About the Book
Like the yearning, doomed young clones in Ishiguro’s Never Let Me Go, three teenagers with XP (a life-threatening allergy to sunlight) are a species unto themselves. As seen through the eyes of 16-year-old Allie Kim, they roam the silent streets, looking for adventure, while others sleep. When Allie’s best friend introduces the trio to Parkour, the stunt-sport of running and climbing off forest cliffs and tall buildings (risky in daylight and potentially deadly by darkness), they feel truly alive, equal to the “daytimers.”
On a random summer night, while scaling a building like any other, the three happen to peer into an empty apartment and glimpse an older man with what looks like a dead girl. A game of cat-and-mouse ensues that escalates through the underground world of hospital confinement, off-the-grid sports, and forbidden love. Allie, who can never see the light of day, discovers she’s the lone key to stopping a human monster.
I wanted to like this book, love it even. I really did. But it fell extremely short of my expectations. This story revolves around 3 friends and is told through the point of view of one of them, Alexis (Allie) Kim. These teens have a disease known as XP, an ‘allergy’ to sunlight so their days are spent inside or bundled from head to toe if they have to go out. They truly live at night. Juliet, the daredevil of the group, decides that she is going to keep things interesting and exciting, after all, their life expectancy is somewhere around 40 (normally) so why not take some risks? She teaches her friends the ins and outs of Parkour, a sport involving jumping from building to building and swinging from balconies, among other things. But on one such trip, Allie and her friends see something not quite right in a newly constructed and empty building – a man in an empty apartment looking like he was trying to resuscitate a woman…or was it something more serious than that?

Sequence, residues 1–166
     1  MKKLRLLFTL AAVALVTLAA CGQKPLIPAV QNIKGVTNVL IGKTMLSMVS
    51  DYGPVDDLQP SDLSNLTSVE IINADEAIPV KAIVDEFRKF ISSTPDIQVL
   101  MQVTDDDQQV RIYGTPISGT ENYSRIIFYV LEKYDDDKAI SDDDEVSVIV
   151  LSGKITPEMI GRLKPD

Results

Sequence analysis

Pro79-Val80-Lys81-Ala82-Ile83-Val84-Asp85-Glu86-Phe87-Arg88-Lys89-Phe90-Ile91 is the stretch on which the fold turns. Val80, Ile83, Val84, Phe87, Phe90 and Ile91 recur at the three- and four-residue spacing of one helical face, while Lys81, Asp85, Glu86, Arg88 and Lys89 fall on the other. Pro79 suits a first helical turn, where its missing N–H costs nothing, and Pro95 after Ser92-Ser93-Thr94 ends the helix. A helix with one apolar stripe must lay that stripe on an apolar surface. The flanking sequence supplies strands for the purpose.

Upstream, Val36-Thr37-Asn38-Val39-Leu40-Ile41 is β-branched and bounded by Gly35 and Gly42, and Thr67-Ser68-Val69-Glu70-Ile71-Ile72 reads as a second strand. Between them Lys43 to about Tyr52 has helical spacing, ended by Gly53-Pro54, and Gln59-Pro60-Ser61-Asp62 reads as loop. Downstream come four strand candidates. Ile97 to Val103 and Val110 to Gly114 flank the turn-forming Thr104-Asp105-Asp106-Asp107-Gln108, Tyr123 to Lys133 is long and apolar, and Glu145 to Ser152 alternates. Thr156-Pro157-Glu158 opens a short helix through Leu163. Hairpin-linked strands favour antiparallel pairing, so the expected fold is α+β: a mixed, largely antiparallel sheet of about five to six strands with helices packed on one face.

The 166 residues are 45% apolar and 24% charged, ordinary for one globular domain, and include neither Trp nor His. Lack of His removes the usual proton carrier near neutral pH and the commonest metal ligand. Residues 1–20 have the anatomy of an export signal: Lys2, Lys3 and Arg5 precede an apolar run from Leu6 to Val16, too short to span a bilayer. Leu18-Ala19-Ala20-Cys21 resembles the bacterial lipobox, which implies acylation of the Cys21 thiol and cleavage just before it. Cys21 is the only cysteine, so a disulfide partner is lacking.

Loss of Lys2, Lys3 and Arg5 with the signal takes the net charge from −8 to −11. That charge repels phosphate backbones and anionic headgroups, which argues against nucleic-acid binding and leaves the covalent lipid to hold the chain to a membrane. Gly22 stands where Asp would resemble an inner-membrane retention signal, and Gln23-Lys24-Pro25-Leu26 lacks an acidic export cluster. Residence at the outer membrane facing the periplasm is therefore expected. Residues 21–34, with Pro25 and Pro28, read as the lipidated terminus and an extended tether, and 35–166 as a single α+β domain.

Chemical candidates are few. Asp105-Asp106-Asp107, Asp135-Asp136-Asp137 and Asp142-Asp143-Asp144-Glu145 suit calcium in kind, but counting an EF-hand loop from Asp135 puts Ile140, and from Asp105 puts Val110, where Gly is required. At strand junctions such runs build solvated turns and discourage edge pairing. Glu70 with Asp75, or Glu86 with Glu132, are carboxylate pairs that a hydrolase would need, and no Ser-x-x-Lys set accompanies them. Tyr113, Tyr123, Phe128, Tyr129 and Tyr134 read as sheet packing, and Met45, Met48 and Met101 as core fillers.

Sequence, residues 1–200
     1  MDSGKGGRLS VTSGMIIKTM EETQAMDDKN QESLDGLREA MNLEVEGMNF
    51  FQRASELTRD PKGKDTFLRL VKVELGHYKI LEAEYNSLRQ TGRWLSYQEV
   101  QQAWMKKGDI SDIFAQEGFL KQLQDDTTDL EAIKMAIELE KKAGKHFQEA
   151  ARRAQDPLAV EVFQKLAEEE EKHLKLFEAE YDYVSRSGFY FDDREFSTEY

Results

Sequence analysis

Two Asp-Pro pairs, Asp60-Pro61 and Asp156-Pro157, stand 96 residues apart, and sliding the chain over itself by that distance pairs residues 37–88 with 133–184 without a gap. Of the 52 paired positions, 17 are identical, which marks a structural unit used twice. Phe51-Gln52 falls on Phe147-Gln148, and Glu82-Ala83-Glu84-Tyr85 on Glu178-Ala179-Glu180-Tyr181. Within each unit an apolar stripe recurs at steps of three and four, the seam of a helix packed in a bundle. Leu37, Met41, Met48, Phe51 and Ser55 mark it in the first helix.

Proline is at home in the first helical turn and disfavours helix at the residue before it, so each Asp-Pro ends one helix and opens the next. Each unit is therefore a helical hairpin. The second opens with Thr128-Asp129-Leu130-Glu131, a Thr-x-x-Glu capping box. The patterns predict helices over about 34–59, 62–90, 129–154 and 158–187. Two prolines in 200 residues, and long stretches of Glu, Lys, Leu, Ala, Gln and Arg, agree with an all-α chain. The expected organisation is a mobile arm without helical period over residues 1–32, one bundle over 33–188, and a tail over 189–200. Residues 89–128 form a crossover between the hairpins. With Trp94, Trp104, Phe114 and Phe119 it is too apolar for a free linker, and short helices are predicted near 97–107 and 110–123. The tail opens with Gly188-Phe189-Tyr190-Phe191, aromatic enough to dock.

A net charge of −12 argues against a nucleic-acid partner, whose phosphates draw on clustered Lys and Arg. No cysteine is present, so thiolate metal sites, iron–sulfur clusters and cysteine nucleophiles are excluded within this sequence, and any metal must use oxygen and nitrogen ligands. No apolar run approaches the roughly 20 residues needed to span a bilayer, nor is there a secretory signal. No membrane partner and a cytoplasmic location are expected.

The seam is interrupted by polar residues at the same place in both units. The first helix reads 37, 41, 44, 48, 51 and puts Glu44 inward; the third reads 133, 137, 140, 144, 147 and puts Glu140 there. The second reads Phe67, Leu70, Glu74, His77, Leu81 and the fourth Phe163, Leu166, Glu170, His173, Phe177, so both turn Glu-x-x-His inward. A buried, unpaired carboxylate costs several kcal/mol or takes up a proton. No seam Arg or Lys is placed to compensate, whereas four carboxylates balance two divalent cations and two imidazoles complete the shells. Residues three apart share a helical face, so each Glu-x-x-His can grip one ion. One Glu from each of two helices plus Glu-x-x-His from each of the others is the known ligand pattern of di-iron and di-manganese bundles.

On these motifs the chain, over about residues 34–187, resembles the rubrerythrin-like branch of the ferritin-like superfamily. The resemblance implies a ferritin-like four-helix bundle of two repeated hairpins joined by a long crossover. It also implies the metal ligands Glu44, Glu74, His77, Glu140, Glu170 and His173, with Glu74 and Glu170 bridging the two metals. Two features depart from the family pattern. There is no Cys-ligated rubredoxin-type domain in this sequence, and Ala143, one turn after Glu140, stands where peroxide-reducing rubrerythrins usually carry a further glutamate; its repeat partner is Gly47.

The story seemed to flow well in the beginning, but by halfway through the book I wanted to start to skip through pages because it just seemed to drag. The story itself had so much potential, and there were some twists and turns that did hold my attention, at least for a while. But, the ending felt rushed, somewhat unbelievable, and left too many loose ends for me.
The summary of the story really had me intrigued, but unfortunately for me it fell short, especially compared to some of her other work. Give it a shot if you have some time but be warned that it does end with an open ending, leading into what I can only assume will be a sequel.
About the Author
Jacquelyn Mitchard is the #1 New York Times bestselling author of The Deep End of the Ocean, the very first Oprah Book Club pick, as well as more than twenty other critically acclaimed books for adults and teens. A nominee for several national and international awards, she served on the 2004 Fiction Jury for the National Book Award. In addition, she is a longtime journalist and regular contributor to Real Simple and Parade magazines.